The next pandemic could already be among us and climate change means no country is safe, said Peter Sands, head of the Global Fund, one of the world’s largest funders of HIV, TB and malaria programs, in an interview with POLITICO.
“Are we in a little bit of a danger of kind of fighting the last war, assuming the next threat is going to be like the one we’ve just experienced, when the next health crisis could actually be the impact of climate change fueling existing diseases, as opposed to some new disease X?” asked Sands, who has been executive director of the Global Fund to Fight AIDS, Tuberculosis and Malaria since 2017.
The effect of climate change and human encroachment on natural habitats is often identified as increasing the likelihood of the emergence of a new infectious disease — a so-called disease X. But climate change’s effect on existing deadly diseases isn’t a theoretical future scenario — it’s already happening.
In Pakistan, flooding that research indicates was likely made worse by climate change, killed more than 1,700 people in 2022. But, in the aftermath, cases of malaria surged and the deaths from this disease far exceeded direct deaths from flooding, said Sands. That’s because standing water and waterlogged areas make for prime breeding grounds for the mosquitoes that carry the deadly infection. And disrupted health care in the wake of a natural disaster means more people die of the infections.
And with extreme weather events on the rise, Europe might also be at risk. “We may well see malaria coming back,” said Sands.
He’s not a man prone to hyperbole. As former CEO of the Standard Chartered group, Sands built his career not as an activist but as one of the world’s most powerful bankers. At the Global Fund his message has not been about radical new interventions but about building up health systems with things that are proven to work, such as surveillance and community health workers.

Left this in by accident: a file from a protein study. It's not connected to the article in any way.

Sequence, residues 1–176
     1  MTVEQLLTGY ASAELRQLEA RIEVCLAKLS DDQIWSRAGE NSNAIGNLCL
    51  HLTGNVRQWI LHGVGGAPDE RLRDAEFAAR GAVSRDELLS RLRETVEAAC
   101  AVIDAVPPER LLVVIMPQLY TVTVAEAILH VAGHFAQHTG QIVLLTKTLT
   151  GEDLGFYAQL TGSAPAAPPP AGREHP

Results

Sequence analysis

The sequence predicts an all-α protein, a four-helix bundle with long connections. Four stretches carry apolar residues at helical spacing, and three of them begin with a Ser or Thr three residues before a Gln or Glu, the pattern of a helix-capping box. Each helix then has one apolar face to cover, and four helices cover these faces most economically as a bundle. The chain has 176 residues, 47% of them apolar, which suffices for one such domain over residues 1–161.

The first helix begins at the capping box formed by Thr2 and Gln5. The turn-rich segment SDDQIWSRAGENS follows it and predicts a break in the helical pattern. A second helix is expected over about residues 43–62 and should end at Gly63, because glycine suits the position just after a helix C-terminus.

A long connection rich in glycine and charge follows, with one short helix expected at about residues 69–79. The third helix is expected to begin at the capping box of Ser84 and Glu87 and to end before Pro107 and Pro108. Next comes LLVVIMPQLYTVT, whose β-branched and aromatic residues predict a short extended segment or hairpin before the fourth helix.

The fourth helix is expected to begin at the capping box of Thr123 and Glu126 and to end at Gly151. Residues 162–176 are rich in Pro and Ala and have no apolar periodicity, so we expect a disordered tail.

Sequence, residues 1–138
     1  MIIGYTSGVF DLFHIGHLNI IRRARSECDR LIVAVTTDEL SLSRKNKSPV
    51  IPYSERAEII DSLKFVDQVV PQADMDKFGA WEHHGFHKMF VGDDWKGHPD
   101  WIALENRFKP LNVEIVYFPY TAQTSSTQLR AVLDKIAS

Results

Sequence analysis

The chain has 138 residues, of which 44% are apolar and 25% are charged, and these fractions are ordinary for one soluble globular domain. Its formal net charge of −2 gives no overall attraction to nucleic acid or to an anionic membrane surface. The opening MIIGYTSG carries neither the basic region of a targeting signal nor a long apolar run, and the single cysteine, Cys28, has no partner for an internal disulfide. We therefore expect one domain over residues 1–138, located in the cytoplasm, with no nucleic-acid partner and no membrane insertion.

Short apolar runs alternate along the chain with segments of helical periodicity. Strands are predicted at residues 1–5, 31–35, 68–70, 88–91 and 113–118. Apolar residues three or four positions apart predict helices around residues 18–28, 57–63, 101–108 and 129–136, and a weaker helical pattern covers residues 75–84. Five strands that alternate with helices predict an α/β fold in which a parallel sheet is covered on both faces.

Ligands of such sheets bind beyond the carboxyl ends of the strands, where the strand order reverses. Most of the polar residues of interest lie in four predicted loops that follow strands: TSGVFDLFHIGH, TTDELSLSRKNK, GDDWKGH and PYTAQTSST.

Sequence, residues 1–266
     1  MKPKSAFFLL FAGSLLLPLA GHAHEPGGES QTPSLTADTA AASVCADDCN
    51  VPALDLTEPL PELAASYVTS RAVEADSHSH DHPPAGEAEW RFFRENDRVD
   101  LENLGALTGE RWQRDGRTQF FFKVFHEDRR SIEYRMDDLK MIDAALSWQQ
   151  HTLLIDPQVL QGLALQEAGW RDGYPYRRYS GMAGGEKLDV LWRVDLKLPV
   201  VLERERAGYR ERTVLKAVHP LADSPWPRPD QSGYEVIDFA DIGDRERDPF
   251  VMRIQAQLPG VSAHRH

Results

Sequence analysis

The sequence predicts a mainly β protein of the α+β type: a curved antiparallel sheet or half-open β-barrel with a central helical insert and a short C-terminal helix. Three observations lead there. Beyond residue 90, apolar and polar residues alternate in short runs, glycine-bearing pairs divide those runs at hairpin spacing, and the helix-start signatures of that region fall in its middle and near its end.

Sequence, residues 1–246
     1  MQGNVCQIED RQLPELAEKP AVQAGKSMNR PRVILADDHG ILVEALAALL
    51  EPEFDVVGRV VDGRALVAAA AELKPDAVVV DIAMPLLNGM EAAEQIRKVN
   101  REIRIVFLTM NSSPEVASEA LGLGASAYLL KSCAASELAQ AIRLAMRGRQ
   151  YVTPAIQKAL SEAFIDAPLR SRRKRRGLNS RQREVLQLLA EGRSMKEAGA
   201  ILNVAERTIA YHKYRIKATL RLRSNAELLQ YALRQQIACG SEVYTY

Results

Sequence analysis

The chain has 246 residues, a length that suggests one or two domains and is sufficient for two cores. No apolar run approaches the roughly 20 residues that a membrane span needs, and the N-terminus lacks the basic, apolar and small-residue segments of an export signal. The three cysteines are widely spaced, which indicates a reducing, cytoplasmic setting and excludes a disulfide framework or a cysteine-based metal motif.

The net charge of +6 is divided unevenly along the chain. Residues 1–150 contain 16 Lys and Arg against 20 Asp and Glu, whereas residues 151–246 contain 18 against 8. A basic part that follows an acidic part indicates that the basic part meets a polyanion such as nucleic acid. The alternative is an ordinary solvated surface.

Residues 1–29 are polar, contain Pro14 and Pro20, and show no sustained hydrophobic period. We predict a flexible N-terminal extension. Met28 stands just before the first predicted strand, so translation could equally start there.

While a return of malaria to Europe would be concerning, the region has relatively advanced health systems so would feel the impact less than in places where health systems are already under strain and ill-resourced, said Sands.
‘Not a hypothetical situation’
In March this year, health, water, sanitation and environment ministers from 11 southern African countries came together to call for urgent action on cholera and other waterborne diseases, describing these as “climate-related public health emergencies.” Cholera is being reported in a growing number of countries in recent years, including those that haven’t reported cases in several years or where the disease is not endemic.
“This isn’t a sort of hypothetical impact of climate change on health and people’s lives, but it’s a very real impact,” said Sands.
The Global Fund provides 63 percent of all international financing for malaria programs, but it missed its fundraising target at its last replenishment.
It’s part of a broader pattern of donors having too many pressing crises demanding cash and attention. Recent figures from the OECD indicated that while official development assistance is up significantly, most of this is attributed to countries dealing with an influx of refugees and aid to Ukraine.
So what to do about it? “I think that the most powerful way of preventing, and being prepared for, future pandemics is by dealing with the ones you’ve got in front of you,” said Sands.
It’s a message that Sands has been pushing for years but, even when the COVID-19 pandemic was at its worst, attention on strengthening health systems in developing countries has often slipped off the priority list for donors and wealthy countries.
The EU is working to set that right through its new Global Health Strategy where one of the three priorities is to strengthen health systems.
But to convince the world that malaria or cholera is a pandemic may be even harder.
“Unfortunately, we tend to treat a pandemic as things that threaten those of us who are lucky enough to live in rich countries,” said Sands. But with 2021 seeing 247 million cases of malaria in 84 countries where malaria is endemic, “it feels a bit like a pandemic,” he said.